I also was very blessed to have had someone to show me how to begin to manage a diet of the mind, to choose not to indulge certain appetites.

I would have never have entered that path voluntarily. I would have never wanted the pain of discovery that accompanies finding out the truth about myself.

I would have never have figured it out. I know because I tried for many years to understand. In the end, I found out I was never even close to understanding.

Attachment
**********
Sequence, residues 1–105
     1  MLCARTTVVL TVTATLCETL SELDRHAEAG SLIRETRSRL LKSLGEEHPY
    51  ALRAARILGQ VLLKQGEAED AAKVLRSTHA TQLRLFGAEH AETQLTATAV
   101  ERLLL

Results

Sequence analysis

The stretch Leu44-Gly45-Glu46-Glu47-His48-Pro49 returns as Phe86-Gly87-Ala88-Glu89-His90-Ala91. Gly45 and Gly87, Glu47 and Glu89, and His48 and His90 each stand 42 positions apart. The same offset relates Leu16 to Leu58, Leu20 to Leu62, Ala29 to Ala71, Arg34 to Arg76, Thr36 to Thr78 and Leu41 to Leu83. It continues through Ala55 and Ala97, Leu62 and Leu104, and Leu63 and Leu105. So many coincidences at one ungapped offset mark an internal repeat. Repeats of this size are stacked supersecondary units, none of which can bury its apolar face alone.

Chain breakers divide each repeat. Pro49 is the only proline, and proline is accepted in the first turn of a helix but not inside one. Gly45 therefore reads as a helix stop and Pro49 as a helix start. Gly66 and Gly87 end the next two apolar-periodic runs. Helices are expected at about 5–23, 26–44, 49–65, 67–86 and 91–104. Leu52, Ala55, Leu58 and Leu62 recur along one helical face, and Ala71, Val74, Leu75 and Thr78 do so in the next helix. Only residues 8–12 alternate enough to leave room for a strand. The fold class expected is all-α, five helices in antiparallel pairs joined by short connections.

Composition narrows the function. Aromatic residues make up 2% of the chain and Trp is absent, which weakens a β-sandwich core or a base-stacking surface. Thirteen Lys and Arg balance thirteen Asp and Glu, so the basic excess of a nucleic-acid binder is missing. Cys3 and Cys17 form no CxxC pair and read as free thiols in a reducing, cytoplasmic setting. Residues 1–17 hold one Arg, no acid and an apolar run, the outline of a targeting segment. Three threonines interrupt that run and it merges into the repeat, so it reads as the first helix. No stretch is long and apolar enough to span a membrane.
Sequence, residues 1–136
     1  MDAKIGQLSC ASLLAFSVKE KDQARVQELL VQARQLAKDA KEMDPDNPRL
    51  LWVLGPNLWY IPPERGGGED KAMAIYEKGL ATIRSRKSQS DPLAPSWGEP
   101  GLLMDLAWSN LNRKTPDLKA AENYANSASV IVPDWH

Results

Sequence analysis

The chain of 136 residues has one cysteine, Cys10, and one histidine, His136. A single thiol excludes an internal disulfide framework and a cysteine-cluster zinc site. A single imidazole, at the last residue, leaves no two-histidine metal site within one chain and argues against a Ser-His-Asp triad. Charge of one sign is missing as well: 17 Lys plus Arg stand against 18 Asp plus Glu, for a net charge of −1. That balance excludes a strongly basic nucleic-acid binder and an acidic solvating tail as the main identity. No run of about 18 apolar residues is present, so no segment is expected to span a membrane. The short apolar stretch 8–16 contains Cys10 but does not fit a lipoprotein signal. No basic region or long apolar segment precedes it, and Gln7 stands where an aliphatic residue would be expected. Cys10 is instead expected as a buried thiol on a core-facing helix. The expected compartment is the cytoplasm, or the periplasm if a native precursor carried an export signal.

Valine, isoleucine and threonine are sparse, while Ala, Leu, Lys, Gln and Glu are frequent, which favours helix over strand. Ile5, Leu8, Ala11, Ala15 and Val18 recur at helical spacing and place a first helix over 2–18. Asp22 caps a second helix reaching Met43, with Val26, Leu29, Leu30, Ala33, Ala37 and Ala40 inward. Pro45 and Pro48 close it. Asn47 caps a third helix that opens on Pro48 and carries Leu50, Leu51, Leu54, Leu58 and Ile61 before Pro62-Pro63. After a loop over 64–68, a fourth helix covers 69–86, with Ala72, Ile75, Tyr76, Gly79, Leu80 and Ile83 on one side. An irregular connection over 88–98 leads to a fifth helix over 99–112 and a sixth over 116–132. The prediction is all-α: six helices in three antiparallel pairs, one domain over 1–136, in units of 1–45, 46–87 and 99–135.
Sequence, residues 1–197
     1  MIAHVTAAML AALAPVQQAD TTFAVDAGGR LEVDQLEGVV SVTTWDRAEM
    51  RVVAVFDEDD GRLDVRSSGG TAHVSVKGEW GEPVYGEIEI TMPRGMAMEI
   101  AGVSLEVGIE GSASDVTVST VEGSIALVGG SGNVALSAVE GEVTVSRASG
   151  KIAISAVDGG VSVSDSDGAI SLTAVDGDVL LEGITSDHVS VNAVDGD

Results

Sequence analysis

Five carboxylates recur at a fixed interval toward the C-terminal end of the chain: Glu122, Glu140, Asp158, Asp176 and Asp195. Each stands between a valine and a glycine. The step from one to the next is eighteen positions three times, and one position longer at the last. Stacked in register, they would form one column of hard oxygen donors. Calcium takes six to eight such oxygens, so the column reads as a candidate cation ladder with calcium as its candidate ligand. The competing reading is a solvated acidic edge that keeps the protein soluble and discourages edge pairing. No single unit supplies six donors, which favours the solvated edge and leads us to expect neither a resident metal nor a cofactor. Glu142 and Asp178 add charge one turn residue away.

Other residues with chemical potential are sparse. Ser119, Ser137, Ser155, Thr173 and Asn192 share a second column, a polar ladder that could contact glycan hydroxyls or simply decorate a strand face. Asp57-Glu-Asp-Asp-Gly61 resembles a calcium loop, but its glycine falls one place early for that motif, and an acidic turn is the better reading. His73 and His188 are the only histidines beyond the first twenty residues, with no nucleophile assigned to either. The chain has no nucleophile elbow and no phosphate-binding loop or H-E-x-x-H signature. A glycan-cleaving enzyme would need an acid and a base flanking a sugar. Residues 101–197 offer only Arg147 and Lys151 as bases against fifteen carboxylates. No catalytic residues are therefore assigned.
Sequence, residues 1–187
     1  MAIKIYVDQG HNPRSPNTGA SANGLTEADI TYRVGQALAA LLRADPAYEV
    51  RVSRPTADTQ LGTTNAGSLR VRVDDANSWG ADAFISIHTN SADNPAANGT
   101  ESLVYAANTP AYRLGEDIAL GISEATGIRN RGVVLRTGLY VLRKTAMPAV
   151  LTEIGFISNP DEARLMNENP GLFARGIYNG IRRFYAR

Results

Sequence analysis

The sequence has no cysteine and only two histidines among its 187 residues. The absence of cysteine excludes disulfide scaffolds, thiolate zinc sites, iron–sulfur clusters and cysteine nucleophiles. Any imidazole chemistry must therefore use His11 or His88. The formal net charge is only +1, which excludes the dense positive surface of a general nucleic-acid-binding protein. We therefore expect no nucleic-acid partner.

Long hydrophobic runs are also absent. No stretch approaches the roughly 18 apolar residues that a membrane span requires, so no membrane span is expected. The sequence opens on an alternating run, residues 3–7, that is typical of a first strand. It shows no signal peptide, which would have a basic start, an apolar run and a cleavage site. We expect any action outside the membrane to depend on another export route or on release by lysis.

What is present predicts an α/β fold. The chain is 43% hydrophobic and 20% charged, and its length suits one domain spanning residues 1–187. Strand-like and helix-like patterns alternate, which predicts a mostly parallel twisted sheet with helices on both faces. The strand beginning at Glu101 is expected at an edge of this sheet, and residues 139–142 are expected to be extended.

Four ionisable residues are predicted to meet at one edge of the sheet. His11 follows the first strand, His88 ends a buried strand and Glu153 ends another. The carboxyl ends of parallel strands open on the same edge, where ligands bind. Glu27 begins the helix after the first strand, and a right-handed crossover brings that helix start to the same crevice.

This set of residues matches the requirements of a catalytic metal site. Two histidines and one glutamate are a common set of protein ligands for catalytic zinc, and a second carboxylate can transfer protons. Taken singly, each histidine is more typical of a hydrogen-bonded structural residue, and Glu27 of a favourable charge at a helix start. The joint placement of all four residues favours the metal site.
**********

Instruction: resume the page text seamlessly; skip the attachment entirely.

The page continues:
My, I do go on. Sometimes my wife sees me at the computer and asks me what I’m doing. If I am blogging, I tell her I am writing to myself and she understands what I mean. I’m afraid that really applies to today's post. If people happen to come across this, people who need to understand what I am writing, they are quite unlikely to see themselves. I know there was a time I wouldn’t have recognized me in this post.

1 comment:

Anonymous said...

No --- you were not just writing to yourself!